A WRITER from Poundbury has resurrected a project looking at the accident prone history of a World War Two aircraft.
Warwick Taylor will launch his latest book All the Blenheims, looking at the role the Bristol Blenheim bombers played in the war.
He actually started working on the book more than 30 years ago when he was working for Customs and Excise and was approached by a company that was running a series of books about various aircrafts.
Warwick said: “I started doing all the research and in those days you had to go to the Ministry of Defence in London to do it all.”
Before he had completed the book, somewhat to Warwick’s dismay, he was contacted by the company saying the series had been discontinued.
Warwick said: “The thing just laid around really for many years.”
Around 18 months ago Warwick decided to get back to work on the book and the end result was his newly-published book.
In all over 5,000 Blenheims saw service during the Second World War but many of them met unhappy endings.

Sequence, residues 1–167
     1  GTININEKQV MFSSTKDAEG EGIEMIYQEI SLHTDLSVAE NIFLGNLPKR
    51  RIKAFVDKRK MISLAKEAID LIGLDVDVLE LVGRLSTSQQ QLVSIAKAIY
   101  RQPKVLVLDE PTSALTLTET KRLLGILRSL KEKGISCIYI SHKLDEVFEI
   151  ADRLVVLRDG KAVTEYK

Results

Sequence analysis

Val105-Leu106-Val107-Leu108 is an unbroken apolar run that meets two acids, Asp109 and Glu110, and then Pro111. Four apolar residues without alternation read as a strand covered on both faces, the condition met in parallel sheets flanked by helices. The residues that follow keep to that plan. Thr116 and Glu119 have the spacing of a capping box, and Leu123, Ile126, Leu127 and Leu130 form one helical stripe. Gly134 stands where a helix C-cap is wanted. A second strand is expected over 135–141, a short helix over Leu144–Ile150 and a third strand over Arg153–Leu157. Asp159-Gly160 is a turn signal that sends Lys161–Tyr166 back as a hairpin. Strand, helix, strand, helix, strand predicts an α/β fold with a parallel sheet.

It was not just at the hands of the enemy as well, with a number of accidents and mechanical failures among the tragic endings for some of the planes.
Warwick said: “It was a fatal accident for disasters and accidents.
“It was the same old problems such as engine failure and take off.
“The accidents were far too many and not caused by enemy action.”
His book also has a Dorset connection with seven of the misfortunate incidents involving the Blenheims occurring in Dorset at locations such as Winterbourne Abbas, Portesham, Chesil Beach and Frampton.
Warwick, a former Bevin Boy who went on to spend 40 years at Heathrow Airport with the British Overseas Airways Corportation and then Customs and Excise, has also penned two books about the Bevin Boys and one about the South Yorkshire pits.
He became vice-president and chairman of the Bevin Boys Association and was recognised with an MBE for his efforts.
Warwick’s latest book, All the Blenheims, is being launched at Waterstones in South Street from 7pm tomorrow.
Guests will include the book’s illustrator Patricia Forrest, from Shaftesbury, and local historian Brian Bates.